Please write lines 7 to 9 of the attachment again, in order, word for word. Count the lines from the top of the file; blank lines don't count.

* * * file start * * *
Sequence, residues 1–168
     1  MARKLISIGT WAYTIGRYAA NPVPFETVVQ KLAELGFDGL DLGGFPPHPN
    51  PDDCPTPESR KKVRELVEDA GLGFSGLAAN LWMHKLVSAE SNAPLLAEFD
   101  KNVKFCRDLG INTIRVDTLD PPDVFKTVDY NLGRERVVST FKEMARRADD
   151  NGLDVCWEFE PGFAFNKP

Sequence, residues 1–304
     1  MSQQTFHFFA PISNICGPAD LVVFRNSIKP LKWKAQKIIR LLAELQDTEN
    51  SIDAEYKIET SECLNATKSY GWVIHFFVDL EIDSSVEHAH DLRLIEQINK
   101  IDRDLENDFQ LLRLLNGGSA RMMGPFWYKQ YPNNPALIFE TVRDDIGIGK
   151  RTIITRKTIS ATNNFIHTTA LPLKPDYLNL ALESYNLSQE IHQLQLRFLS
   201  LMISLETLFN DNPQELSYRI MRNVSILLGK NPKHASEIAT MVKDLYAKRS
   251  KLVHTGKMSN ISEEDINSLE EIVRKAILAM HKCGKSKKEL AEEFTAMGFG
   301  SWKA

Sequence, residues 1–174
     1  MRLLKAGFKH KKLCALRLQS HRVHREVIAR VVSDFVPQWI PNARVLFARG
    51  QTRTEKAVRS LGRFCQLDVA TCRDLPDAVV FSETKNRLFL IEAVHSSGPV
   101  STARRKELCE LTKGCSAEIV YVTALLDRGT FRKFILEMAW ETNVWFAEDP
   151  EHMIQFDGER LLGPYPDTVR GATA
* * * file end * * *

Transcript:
     1  MSQQTFHFFA PISNICGPAD LVVFRNSIKP LKWKAQKIIR LLAELQDTEN
    51  SIDAEYKIET SECLNATKSY GWVIHFFVDL EIDSSVEHAH DLRLIEQINK
   101  IDRDLENDFQ LLRLLNGGSA RMMGPFWYKQ YPNNPALIFE TVRDDIGIGK